Teachers have threatened to go on strike should the Government continue with the ongoing school reforms.
On Monday, the teachers gave the Government 20 days to stop massive teacher transfers and performance appraisals, describing them as illegal and a setback to quality education.
The Kenya National Union of Teachers (Knut) Secretary General Wilson Sossion said the schools delocalisation policy and the Teacher Performance Appraisal and Development (TPAD) were ill thought out and were being poorly implemented.
He instead asked the Teachers Service Commission to promote teachers who had attained higher academic qualifications in the course of their careers.
Speaking at Homa Bay High School during a Knut annual general meeting on Sunday, Mr Sossion said the new policies were having a negative impact on teachers’ performance.
“There is no school that will be opened for the second term if the government fails to meet these demands. We will call for a massive strike in this country from the opening day,” said Mr Sossion, who was accompanied by Homa Bay Woman Rep Gladys Wanga.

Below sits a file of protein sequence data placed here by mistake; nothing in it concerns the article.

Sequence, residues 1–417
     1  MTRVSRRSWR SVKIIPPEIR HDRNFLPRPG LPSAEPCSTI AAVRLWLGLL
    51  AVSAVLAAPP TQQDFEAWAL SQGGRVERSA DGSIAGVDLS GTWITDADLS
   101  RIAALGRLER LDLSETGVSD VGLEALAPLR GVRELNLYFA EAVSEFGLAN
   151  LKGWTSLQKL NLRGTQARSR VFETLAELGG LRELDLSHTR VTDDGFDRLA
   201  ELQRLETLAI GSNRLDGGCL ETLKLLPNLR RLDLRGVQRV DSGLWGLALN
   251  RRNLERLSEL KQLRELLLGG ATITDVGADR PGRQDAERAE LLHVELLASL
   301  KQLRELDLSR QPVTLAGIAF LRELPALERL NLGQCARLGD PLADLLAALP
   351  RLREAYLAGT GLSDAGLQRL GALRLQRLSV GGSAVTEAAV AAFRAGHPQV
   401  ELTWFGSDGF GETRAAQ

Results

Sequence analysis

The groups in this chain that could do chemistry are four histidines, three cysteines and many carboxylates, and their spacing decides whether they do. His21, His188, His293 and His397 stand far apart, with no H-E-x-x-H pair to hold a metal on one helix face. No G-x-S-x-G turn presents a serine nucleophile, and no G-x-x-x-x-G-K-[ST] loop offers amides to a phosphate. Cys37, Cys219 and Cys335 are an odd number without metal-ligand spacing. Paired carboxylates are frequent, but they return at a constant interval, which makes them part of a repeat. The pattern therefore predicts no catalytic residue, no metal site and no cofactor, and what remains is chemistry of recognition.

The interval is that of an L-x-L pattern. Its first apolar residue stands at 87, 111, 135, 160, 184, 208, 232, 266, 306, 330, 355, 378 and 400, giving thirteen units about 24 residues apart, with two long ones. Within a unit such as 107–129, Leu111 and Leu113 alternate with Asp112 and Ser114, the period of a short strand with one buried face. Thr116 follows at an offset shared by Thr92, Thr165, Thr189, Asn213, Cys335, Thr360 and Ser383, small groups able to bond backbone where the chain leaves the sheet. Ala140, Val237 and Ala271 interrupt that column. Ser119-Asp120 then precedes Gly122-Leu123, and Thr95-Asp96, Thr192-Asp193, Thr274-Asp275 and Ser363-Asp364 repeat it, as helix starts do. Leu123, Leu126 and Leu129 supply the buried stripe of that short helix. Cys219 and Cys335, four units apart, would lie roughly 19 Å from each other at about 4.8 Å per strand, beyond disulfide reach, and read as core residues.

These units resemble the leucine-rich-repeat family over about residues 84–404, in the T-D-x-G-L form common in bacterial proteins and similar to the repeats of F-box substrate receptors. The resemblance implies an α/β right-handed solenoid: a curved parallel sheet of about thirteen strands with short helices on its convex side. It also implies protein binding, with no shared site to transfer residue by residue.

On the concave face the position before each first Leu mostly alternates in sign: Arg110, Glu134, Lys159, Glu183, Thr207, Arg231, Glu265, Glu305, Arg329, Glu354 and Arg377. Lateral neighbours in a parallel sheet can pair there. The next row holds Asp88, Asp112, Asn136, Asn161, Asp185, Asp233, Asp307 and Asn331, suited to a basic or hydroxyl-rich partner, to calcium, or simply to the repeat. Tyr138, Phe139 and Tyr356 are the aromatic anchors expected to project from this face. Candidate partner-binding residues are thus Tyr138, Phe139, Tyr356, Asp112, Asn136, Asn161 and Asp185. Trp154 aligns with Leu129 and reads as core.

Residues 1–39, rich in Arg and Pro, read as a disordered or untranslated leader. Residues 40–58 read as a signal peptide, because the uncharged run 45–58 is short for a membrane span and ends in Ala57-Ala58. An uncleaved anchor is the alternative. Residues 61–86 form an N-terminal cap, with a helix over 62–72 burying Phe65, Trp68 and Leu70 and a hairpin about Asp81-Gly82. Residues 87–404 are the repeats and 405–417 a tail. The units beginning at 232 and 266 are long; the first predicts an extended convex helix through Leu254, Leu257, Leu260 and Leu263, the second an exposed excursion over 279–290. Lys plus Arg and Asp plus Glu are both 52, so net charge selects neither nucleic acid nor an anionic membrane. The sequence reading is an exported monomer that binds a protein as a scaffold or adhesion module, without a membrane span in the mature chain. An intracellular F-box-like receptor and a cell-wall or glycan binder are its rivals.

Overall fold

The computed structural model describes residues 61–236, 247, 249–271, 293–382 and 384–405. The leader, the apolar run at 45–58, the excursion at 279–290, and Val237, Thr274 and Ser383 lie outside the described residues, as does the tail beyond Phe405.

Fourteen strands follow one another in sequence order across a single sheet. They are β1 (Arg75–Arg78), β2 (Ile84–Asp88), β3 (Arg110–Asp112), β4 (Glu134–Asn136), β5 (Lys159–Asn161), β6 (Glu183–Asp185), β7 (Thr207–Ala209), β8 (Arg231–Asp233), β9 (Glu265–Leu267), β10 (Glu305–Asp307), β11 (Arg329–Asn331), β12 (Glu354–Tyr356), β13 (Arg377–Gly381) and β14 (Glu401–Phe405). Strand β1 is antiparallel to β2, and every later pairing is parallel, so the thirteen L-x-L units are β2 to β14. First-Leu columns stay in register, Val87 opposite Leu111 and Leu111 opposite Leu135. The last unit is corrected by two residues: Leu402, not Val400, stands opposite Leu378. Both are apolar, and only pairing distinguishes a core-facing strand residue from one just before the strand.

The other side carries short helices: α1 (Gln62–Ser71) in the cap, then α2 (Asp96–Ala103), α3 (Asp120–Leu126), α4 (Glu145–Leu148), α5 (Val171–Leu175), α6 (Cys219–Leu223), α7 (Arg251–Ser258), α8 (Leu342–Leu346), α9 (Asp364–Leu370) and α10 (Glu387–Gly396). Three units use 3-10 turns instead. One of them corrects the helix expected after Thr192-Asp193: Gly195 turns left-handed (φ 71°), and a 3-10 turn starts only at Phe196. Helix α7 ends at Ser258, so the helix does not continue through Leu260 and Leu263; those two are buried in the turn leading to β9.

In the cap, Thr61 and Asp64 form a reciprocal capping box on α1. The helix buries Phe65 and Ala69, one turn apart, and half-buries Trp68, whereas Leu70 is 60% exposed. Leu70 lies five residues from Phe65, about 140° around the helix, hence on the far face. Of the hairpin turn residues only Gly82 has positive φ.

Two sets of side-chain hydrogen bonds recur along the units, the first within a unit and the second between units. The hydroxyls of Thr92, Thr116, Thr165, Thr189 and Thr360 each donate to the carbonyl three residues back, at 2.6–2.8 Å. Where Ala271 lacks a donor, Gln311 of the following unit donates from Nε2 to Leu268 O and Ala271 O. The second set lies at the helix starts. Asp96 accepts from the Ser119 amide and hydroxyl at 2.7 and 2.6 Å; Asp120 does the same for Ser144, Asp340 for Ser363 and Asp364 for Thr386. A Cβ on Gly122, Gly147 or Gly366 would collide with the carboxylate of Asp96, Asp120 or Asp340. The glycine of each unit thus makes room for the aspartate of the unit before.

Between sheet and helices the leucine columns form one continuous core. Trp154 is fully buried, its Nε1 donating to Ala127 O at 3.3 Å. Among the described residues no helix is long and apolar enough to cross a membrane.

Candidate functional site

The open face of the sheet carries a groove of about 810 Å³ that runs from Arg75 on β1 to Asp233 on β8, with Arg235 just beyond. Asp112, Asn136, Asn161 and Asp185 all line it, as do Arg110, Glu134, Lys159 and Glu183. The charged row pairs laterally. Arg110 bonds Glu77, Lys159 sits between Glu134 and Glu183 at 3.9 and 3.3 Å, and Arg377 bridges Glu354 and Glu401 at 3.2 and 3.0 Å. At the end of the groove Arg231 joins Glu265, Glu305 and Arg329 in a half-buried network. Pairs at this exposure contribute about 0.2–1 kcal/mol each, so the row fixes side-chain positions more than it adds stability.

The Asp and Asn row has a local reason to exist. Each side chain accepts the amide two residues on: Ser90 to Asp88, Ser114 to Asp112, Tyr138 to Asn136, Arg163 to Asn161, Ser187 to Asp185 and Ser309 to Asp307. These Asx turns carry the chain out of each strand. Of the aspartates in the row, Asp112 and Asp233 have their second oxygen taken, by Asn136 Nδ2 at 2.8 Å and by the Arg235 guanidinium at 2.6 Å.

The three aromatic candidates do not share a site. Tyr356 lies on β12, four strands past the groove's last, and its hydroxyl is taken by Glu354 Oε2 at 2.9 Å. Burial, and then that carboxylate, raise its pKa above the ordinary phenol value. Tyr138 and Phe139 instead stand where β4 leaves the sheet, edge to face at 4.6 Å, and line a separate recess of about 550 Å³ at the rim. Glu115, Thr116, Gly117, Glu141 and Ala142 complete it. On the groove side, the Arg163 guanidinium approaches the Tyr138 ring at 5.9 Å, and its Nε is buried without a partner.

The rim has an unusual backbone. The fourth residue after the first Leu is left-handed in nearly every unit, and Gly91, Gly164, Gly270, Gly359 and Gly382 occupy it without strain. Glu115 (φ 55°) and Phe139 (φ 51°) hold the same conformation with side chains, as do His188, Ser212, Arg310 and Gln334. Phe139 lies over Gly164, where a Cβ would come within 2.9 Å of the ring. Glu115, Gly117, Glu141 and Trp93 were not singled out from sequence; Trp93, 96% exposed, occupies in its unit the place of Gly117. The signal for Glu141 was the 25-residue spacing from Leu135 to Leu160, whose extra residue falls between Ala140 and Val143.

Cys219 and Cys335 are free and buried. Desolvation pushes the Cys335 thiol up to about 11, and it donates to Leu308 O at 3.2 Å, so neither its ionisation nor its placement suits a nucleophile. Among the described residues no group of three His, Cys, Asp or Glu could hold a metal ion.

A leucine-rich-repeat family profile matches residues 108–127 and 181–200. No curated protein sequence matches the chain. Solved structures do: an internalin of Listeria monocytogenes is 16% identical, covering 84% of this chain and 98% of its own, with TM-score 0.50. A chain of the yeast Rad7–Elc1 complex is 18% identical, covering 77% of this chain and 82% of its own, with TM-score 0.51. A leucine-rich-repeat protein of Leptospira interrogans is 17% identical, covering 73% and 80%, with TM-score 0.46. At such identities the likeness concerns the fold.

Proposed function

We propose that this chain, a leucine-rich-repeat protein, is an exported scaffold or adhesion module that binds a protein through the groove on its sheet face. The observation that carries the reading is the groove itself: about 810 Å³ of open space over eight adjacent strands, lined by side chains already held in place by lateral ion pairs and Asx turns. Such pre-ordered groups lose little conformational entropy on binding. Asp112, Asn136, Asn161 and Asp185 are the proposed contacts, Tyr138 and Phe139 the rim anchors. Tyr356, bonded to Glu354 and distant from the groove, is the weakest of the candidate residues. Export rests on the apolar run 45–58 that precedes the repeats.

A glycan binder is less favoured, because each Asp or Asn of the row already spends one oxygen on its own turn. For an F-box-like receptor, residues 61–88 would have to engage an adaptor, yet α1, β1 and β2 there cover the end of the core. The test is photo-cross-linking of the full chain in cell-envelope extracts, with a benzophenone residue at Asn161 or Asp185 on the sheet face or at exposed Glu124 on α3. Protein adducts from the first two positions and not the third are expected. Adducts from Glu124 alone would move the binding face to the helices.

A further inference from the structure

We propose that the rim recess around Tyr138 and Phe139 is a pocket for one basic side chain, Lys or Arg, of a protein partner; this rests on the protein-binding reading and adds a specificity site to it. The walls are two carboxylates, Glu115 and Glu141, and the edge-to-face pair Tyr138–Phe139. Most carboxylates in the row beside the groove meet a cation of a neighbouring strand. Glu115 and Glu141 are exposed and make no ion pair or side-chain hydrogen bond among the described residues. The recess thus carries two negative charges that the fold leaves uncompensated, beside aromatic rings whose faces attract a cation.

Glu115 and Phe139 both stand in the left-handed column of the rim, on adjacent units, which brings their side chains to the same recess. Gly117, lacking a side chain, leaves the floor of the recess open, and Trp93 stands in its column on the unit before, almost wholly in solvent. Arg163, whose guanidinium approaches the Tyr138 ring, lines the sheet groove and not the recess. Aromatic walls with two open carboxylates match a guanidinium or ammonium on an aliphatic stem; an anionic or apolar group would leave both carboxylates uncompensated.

The union will order all teachers to camp at the Teachers Service Commission (TSC) offices, Mr Sossion said and claimed that the transfers were breaking marriages because teachers were being uprooted from their families unnecessarily.
He said many teachers were spending of their time in cyber cafes filling out appraisal forms instead of teaching.
“Teachers have been turned into clerical officers who walk from one cyber café to another while feeling the TPAD forms. Teachers were employed to teach and this must stop,” he added.
Ms Wanga said teachers who teach in their own home areas offer various forms of aid to the society.
“Teachers are resources in their own home areas. Village funerals, school fee shortage and any other forms of financial issues are directed to teachers hence delocalisation will disrupt lives,” said Ms Wanga.